7 Income Streams You Could Be Tapping Into

7 Income Streams You Could Be Tapping Into

According to the IRS, most millionaires have these seven income streams:

1. Dividend income from stocks.

2. Earned income from a paycheck.

3. Rental income from real estate.

4. Royalties from products or license agreements. 

5. Capital gains from the sale of investments.

6. Profits from business ventures. 

7. Interest from savings, CDs, bonds, or other lending activities.

I would argue that most people have only tapped into three of these seven: earned income, dividends, and interest. 

They spend their time earning a paycheck, saving what they can from that paycheck, and then investing the difference in hopes of making a return so they can reinvest and steadily grow their net worth. 

This system works for a lot of people but it takes a very long time to reach financial independence. 

The problem is your income from your paycheck is limited by the number of hours you’re willing to work. 

On top of that you incur the opportunity cost of the time lost at work. Time that could be spent building new income streams. 

So how do you escape this vicious cycle and tap into other streams of income to reach financial independence faster? 

Becoming fiscally independent boils down to a two-step process, says Tom Corley bestselling author of the book Rich Habits: The Daily Success Habits of Wealthy Individuals.

Step 1: Accumulate wealth.

Step 2: Keep the wealth you’ve accumulated.

These steps sound obvious but it amazes me how many people only figure out one side of the equation or fail to execute the other. 

Corley believes your ability to accumulate and keep wealth is directly tied to your daily habits.

From 2004 – 2009, Corley interviewed hundreds of people, both wealthy and non-wealthy. He asked each person 144 questions.  It took sixteen months to turn that information into a usable spreadsheet. Then he wrote and self-published Rich Habits.

The rich were defined as individuals with an annual gross income north of $160,000 and net liquid assets of $3.2 million or more. The lesser-offs were those with a gross income of $35,000 or less and no more than $5,000 in liquid assets.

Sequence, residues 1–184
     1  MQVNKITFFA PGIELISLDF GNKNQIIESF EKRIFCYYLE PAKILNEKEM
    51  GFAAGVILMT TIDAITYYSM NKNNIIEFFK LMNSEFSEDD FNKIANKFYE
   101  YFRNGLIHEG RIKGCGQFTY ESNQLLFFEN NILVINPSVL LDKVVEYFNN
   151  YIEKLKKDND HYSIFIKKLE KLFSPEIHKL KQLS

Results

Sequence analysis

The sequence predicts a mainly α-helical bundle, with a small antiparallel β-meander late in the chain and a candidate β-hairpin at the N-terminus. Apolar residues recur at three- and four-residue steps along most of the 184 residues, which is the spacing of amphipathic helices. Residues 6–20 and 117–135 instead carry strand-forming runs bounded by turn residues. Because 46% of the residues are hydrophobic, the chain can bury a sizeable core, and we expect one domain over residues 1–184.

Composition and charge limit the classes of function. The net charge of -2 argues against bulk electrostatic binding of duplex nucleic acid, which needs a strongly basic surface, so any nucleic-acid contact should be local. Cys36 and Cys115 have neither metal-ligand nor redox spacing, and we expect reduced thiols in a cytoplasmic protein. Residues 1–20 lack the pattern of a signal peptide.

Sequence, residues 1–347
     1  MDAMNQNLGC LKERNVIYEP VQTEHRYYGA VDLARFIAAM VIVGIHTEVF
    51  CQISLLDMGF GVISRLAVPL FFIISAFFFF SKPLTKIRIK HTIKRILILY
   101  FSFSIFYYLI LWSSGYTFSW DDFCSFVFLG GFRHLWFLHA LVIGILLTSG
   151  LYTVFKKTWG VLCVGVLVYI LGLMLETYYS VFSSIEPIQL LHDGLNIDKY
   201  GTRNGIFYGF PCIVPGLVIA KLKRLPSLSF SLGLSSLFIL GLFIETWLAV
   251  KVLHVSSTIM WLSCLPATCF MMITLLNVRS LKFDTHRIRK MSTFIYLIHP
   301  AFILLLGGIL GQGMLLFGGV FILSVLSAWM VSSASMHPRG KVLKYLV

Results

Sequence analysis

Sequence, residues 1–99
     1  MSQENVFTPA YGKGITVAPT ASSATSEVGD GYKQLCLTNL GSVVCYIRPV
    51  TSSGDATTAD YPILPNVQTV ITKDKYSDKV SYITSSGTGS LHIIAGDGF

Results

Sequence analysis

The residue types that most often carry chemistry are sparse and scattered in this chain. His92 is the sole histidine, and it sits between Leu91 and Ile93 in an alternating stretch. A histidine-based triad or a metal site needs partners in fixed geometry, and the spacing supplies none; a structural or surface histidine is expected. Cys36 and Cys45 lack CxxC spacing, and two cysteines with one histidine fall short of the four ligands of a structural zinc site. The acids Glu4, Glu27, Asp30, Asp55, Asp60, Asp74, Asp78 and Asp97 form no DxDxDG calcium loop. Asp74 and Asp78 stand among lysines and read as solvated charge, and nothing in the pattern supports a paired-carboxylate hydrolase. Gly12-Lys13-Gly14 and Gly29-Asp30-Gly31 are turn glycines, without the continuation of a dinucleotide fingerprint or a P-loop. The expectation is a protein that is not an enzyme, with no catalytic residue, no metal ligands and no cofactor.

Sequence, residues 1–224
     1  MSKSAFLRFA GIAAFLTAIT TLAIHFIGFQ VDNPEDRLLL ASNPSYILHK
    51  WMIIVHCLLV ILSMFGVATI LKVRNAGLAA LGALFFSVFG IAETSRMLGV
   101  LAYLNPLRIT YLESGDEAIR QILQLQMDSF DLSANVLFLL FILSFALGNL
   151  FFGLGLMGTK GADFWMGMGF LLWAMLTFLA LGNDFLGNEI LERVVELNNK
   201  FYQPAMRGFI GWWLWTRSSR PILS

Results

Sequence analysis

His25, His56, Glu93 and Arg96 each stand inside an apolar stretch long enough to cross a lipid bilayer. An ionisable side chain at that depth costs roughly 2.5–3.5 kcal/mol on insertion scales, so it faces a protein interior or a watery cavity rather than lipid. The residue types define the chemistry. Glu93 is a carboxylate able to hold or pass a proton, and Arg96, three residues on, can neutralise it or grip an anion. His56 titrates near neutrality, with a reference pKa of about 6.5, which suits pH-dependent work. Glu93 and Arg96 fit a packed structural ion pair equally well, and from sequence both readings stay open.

The most important Rich Habits discovered were the following 16. 

Live within your means 

Wealthy people avoid overspending by paying their future selves first, says Corley. 

They save 20 % of their net income and live on the remaining 80%.

Don’t gamble 

Every week, 77% of those who struggle financially play the lottery. 

Hardly anyone who is wealthy plays the numbers, says Corley. Wealthy people do not rely on random good luck for their wealth. 

They create their own good luck.

Read every day 

Among wealthy people, 88% read 30 minutes or more every day. Just as important, they make good use of their reading time:

63% listen to audiobooks during their commute.

79% read educational career-related material.

55% read for personal development.

58% read biographies of successful people.

94% read current events.

51% read about history.

11% – only 11% – read purely for entertainment purposes.

Don’t Watch TV or Mindlessly Surf the Internet  

Two-thirds of wealthy people watch less than an hour of TV a day and almost that many – 63% – spend less than an hour a day on the internet unless it is job-related.

Control Your Emotions  

Loose lips are a habit for 69% of those who struggle financially. 

Conversely, 94% of wealthy people filter their emotions, says Corley. They understand that letting emotions control them can destroy relationships at work and at home.

Network and Volunteer Regularly 

Almost three-quarters of wealthy people network and volunteer a minimum of five hours a month. Among those struggling financially, only one in 10 does this.